(Long Island, N.Y.) There was a time earlier in the season when everyone was gushing over the fact that Jose Reyes was not only having a career year, but also a healthy one. The oft-injured New York Mets’ shortstop was taking it to the next level in his walk year and was making a great argument that he should receive a long term, big money contract.
That took a slight hit when Reyes strained his left hamstring around the All-Star break, causing him to miss three weeks of action. But he picked up where he left off and looked to still be headed towards a free agent payday.
Then last week, Reyes pulled up lame and had to leave a game after re-aggravating the hamstring. A subsequent MRI revealed that there was a slight tear in the muscle, albeit in a different spot than the initial injury. At this point, any silver lining would be welcome.
Reyes did his best to soften the blow, but this has come at the wrong time for someone with an injury stigma attached to him. “The preparation I have is very good,” Reyes said to reporters. “I’m a guy that stretches a lot. I do a lot of exercises for my leg to try to get it ready. This is something that just happened, so we need to find a way to keep me on the field. I need to find a way to stay healthy.”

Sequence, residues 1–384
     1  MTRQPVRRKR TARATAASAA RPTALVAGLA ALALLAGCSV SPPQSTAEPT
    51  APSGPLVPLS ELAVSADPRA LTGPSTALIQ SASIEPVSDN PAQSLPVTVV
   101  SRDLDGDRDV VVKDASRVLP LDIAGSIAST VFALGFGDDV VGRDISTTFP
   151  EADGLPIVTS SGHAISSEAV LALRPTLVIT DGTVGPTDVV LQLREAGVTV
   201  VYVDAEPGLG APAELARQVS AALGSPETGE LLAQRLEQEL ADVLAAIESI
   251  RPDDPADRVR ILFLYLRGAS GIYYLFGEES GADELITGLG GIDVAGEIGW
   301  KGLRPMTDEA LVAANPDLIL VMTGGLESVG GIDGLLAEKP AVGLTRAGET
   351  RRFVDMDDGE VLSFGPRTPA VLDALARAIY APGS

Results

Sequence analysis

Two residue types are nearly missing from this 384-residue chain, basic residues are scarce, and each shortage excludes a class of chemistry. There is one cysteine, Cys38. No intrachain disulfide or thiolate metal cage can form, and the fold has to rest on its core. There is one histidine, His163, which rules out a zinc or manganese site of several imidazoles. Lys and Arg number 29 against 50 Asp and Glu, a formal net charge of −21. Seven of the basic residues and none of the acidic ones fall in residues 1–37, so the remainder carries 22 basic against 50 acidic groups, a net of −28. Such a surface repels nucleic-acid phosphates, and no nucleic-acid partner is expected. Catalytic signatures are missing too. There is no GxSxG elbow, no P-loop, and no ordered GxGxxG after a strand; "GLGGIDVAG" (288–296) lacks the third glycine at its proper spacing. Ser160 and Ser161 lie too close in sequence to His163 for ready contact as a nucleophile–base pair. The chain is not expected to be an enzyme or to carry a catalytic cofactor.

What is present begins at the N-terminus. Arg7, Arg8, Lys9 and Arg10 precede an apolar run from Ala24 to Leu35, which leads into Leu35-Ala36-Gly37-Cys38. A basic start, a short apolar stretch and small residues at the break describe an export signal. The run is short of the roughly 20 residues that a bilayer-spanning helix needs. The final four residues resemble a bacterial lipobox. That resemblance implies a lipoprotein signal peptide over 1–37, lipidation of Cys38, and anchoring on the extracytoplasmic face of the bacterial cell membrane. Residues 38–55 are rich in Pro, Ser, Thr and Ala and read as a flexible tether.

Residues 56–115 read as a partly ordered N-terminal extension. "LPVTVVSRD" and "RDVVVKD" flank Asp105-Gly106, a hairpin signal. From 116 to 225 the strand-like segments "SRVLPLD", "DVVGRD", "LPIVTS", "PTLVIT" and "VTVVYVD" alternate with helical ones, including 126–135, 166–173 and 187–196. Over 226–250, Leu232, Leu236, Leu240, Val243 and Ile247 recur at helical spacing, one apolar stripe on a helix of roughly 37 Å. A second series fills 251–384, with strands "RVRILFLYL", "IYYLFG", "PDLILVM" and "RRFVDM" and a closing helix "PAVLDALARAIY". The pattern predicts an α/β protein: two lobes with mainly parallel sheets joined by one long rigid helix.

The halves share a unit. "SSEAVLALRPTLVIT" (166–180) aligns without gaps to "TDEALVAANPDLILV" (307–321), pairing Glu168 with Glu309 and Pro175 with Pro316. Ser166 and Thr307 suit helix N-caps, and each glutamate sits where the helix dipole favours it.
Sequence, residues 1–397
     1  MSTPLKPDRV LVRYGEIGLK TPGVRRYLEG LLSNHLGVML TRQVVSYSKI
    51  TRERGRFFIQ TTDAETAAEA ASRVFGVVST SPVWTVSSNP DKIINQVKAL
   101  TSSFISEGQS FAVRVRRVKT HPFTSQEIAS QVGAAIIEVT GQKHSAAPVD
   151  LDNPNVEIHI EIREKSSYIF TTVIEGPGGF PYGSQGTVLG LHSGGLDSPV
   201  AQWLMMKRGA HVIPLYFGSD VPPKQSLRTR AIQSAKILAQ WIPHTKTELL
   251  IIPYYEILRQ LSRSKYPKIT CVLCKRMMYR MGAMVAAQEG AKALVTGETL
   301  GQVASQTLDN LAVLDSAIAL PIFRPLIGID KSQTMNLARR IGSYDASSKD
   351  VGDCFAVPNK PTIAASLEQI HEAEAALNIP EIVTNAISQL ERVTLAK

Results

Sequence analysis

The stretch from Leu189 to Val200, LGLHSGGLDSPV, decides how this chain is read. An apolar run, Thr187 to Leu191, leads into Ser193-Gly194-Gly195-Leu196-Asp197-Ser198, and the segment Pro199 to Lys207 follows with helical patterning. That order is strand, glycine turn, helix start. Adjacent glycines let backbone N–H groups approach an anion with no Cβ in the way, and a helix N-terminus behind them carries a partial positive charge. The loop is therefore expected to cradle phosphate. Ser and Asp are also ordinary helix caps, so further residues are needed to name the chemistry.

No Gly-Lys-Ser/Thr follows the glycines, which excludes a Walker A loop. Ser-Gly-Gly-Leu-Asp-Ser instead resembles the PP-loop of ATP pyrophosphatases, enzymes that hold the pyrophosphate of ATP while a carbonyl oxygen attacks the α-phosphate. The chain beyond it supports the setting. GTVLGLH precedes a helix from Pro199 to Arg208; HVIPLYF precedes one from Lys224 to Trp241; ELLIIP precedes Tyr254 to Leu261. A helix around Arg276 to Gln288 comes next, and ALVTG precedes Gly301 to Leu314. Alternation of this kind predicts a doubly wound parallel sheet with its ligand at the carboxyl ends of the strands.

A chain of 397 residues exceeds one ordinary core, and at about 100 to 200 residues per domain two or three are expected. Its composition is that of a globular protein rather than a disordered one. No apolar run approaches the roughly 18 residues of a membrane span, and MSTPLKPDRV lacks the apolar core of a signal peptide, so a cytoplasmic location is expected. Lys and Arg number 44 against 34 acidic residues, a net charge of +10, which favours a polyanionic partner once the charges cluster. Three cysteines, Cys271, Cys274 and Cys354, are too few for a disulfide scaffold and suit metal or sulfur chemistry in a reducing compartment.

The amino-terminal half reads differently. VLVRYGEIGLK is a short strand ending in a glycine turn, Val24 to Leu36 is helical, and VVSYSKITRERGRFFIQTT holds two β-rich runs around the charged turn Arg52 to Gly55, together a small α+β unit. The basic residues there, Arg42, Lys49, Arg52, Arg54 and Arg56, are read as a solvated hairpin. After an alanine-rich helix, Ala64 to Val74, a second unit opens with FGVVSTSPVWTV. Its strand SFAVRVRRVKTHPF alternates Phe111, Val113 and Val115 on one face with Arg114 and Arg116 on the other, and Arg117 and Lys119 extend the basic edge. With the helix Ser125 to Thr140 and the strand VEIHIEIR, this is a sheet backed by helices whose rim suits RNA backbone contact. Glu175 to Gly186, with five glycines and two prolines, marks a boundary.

The Mets would like to bring Reyes back next season, but finances will certainly be the main issue. Do they open the coffers as much as they can in their present situation for a player that is as unreliable as Reyes? That’s something that Sandy Alderson has to ponder.
Making Reyes the focus of the team is a risky decision, to say the least. Even in the best of situations, he has missed chunks of time. For a player that is known for his speed, Reyes certainly has had difficulty with keeping his legs intact. They have become a chronic problem over the years throughout his entire career in Flushing.
On the other side of the argument, Reyes’ latest injury may bring his market value down enough for the Mets to afford him. If he gives them any type of a hometown discount – and he has publicly stated he would like to remain a Met – then this may actually work out to everyone’s advantage in the long run.
At the time of the injury, Reyes was hitting .336 with 16 triples, 34 steals and 80 runs scored. These are the type of numbers that should command a huge contract on the open market, but there will definitely be a ‘buyer beware – comes as is’ tag attached. No matter how much Reyes and his agent Peter Greenberg try to do damage control, this second injury is going to be a major issue for any potential suitor.
It may not cost him millions, but Reyes needs to realize that a sports car with bad wheels doesn’t sell for top dollar.